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"There is one Mind, one omnipresent Mind,
Omnifick. His most holy Name is Love.`
Truth of subliming import! with the which
Who feeds and saturates his constant soul,
He from his small particular orbit flies
With blest outstarting! From Himself he flies,
Stands in the sun, and with no partial gaze
Views all creation; and he loves it all,
And blesses it, and calls it very good!

This is indeed to dwell with the most High!"
S. T. Coleridge.

"Every religion is false, which, as to faith, does not worship one God, as the Author of all things; and which, as to practice, does not love one God, as the Lord of all things.”—Pascal.

HAPPINESS is a word that is frequently on the lips of most men. Our first desire is to be happy. This is our object in all our plans and pursuits. But yet, Is it not a fact, that only few are happy? Is it not evident that men in general mistake certain agreeable feelings and gay fancies for happiness? They are happy. Why? Because they win their objects, execute their plans, succeed in business, enjoy amusement, are animated by

company, and, in short, gratify their peculiar tastes?

Supposing that happiness consists in a certain frame of mind and heart which implies satisfaction and delight, how will the case stand? The man of the world is happy when he increases his wealth. The sensualist, the man of gaiety, the votary of ambition, are happy when they possess their beloved objects. The man of intellect is happy when he successfully pursues his speculations: the poet, when he can paint the dreams of his imagination in glowing colours: the sensitive person, when he muses and weeps over the tales of fiction: the indolent, when he reposes without interruption on the couch of sloth.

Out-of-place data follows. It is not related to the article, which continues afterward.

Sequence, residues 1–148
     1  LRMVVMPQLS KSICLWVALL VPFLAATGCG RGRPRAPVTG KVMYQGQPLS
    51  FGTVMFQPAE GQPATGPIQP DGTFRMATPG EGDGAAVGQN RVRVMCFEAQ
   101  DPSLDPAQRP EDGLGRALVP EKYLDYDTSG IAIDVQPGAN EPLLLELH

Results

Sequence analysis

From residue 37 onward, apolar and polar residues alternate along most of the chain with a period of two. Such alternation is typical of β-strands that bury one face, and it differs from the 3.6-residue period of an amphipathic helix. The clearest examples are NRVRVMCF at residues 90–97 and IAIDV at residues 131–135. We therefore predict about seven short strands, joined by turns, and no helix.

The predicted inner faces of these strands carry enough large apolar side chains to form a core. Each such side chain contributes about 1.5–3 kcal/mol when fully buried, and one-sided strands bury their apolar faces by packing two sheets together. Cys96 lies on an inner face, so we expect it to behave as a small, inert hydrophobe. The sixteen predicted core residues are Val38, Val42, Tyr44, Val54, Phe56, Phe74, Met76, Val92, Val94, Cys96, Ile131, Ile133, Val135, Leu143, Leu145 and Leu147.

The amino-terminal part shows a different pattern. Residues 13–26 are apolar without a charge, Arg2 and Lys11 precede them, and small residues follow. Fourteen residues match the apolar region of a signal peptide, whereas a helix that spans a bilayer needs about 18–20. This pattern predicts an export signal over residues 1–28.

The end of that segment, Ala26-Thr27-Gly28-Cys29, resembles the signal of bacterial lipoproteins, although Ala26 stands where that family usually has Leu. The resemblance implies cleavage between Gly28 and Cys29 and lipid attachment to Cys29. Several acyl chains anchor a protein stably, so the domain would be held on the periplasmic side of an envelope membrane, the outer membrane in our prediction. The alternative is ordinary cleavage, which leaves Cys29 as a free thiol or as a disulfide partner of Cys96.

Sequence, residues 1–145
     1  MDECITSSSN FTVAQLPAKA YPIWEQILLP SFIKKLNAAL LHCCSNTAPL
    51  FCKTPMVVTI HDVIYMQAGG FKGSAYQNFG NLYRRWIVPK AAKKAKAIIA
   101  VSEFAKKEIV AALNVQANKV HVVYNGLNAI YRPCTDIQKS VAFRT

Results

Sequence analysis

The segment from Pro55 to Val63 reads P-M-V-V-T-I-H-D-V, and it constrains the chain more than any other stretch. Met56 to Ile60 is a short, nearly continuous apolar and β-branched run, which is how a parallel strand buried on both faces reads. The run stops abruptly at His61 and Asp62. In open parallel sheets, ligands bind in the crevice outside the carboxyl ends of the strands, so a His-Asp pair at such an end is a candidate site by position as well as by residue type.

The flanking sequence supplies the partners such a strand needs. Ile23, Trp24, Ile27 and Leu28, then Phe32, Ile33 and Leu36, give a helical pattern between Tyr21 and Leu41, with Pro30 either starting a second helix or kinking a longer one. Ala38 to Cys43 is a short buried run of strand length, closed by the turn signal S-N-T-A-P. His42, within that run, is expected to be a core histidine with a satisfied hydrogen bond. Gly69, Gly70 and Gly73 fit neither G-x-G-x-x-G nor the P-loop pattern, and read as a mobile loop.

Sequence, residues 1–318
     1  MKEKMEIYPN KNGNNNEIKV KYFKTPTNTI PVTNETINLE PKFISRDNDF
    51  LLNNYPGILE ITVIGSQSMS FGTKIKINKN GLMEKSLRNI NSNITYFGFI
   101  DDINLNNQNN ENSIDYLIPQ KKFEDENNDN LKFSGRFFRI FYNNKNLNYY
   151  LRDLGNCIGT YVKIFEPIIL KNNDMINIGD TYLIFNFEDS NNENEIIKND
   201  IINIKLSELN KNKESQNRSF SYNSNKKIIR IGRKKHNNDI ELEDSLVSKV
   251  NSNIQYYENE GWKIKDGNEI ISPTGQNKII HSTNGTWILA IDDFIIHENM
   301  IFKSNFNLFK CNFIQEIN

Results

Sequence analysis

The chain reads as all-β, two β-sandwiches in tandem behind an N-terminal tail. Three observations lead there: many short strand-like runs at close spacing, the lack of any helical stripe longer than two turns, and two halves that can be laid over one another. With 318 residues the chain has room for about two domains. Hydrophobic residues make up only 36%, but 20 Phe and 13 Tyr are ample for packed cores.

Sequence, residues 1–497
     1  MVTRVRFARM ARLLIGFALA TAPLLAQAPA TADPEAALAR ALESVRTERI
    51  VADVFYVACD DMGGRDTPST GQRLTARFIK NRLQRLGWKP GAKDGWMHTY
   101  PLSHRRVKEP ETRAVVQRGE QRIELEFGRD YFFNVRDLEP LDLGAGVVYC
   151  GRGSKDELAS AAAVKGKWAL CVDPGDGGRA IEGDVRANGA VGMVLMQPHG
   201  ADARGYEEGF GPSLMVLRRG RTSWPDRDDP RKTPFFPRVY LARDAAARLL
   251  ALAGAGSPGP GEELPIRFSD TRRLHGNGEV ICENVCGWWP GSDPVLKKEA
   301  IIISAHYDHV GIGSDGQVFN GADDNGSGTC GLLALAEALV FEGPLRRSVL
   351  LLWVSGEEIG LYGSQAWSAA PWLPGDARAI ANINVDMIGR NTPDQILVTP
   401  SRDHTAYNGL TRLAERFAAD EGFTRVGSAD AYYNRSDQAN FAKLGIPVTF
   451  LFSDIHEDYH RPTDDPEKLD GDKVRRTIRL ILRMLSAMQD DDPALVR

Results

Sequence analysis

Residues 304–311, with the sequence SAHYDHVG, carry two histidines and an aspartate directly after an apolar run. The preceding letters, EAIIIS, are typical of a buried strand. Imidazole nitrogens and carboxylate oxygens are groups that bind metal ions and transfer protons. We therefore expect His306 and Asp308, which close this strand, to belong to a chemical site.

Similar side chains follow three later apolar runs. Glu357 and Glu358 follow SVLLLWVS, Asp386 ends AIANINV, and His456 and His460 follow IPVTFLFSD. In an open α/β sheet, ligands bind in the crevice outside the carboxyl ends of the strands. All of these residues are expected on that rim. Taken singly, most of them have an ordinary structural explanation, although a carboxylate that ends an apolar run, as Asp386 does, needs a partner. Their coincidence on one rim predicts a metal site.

Let us admit that these persons have a certain sort of happiness; yet is it not possible for them to be really unhappy beings? This is no enigma. If a man be truly happy, he must be so, not merely as a prosperous man in the world, not merely as gratifying his senses, his ambition, his intellect, his fancy, or his sensitive feelings, but as a spiritual, immortal, and accountable being: he must be happy in his soul; happy as the creature of God; happy in God.

Wealth, pleasure, intellect, fancy, and so forth, impart a certain description of delight: but it does not follow, that this delight is happiness. A man, to be truly happy, must, as I have just observed, be happy in his soul: and then I hope you will

admit, that an immortal soul cannot derive its happiness from mortal things; from any thing but the immortal God. Now all that is visible and tangible only belongs to the mortal or material man. God is, the only adequate object for his immortal soul. The eye, the ear, the taste, the touch may be satisfied with material objects. The intellect and the imagination may dwell on material or immaterial things; on what is seen and unseen, real or possible. But the soul turns from created things and from fancied forms: it cannot rest in any of them: it has no adequate object but God; no true happiness but from and in Him. God is our happiness; and if we live strangers to Him, we may fill our cups at a thousand springs, but we do not fill them at the only Fountain of bliss.